Tomahawks taking on new looks this spring

MERRIMACK – Merrimack High School athletic director Mike Soucy is walking around during early spring season tryouts with a big grin.

Why? Because he feels his baseball and softball programs are in great, not just good, hands.

It was a tough off-season for both sports after a tough 2018 spring in which both teams missed their respective Division I tournaments. Soucy opted to make a change in softball, hiring former St. Thomas coach Greg Cochrane. He may have left baseball untouched but philosophical differences led to Kyle Harvell (now an assistant at Pinkerton) stepping away after just one season. But then Soucy found former Merrimack assistant Kevin Moyer among a big pool of candidates. And he’s thrilled. It’s always difficult for programs to have three coaches in three years, which was the case for both.

“We lucked out with both hires for sure,” Soucy said. “The kids are the ones who tell you the truth, right? And so far it’s all positive across the board. The girls are excited about softball, the boys are excited about baseball. It’s a win-win.”

Moyer had spent some time on the staff under former Tomahawks coach Nick Jaskolka.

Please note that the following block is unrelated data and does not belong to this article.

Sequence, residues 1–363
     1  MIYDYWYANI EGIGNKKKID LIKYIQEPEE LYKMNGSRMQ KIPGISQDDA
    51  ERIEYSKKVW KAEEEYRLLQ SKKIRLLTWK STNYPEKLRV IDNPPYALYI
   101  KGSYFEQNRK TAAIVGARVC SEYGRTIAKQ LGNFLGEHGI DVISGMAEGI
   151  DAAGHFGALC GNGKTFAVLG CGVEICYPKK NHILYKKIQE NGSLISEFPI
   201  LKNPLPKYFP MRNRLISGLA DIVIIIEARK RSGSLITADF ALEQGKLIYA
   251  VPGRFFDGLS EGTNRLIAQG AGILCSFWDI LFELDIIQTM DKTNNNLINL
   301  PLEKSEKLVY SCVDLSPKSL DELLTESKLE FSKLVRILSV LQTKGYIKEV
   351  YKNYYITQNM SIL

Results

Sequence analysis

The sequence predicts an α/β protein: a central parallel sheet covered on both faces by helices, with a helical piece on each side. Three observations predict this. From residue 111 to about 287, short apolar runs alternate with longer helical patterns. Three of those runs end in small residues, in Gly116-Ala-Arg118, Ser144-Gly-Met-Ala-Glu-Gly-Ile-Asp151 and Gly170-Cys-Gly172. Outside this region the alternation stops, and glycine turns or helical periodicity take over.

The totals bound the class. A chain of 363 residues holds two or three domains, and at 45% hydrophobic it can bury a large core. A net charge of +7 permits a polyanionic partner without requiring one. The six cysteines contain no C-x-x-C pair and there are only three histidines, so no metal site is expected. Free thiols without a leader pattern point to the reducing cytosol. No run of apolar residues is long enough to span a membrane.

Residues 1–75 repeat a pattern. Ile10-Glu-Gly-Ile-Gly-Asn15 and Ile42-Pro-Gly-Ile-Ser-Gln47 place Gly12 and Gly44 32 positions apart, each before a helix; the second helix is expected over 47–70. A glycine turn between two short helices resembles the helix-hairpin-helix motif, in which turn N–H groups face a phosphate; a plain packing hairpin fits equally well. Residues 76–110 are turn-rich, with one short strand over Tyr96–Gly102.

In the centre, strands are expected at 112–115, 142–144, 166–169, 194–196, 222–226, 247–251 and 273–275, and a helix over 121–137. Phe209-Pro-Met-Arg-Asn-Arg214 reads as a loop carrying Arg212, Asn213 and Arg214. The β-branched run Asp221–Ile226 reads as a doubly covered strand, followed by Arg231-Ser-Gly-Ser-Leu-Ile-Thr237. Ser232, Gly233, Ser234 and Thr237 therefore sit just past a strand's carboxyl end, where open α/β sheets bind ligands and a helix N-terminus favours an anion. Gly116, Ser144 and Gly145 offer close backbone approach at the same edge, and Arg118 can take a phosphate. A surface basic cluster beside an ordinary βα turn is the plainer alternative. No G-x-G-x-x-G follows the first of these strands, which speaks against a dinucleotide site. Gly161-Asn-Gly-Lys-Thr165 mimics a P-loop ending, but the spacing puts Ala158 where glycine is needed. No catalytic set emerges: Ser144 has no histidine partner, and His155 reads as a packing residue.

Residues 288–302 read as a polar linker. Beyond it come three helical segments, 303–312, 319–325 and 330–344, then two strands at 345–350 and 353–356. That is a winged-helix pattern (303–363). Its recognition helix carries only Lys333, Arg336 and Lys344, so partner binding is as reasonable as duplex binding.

He played his high school ball in Georgetown, Mass., but played his college ball right here at Rivier University where he got entrenched in the area. He left MHS after the 2015 season to be on the staff at his alma mater. He had worked in the Merrimack system for the better part of seven years, and while doing so was also coaching under former ‘Hawks mentors Ryan Anderson and Jim Davala.

But a couple of years ago he moved back up to the area – he teaches in the Windham school system – and jumped at the chance to return to Merrimack.

“Being familiar with the program, the resources we have, the expectations of the community, this is certainly a situation that worked out,” Moyer said. “I think this is an opportunity I can really take advantage of. The talent pool is there. … It’s a good fit for everybody.”

As soon as Moyer was hired, he met with his prospective players, reached out to the seniors to make everyone more comfortable.

“We talked about things that had happened in the past,” Moyer said. “Different coaching philosophies, what my coaching philosophy was. Just kind of letting them know that my plan is to be here a long, long time. And that my coaching philosophy was going to be different from some of the previous coaches.

“But a lot of it is still the same expectations. We preach that you should be responsible to yourself, to the team, be committed. A lot of the core philosphies, nothing’s changing, it’s just kind of the approach about how we go about our business.”

“He brings a maturity to it,” Soucy said. “He’s got a good head on his shoulders, good background in education, he gets kids. He understands that there’s a balance between making the boys work very hard and letting them have fun at the same time.”

Moyer is learning the difference between being a head coach vs. an assistant.

“A lot more responsibility for sure,” he said with a grin. “A lot more than just showing up to the field with a bucket of balls hitting fungos. … I’ve had the privilege of working with a lot of really good coaches who helped prepare me for this opportunity. … It couldn’t have come at a better job, a better place.”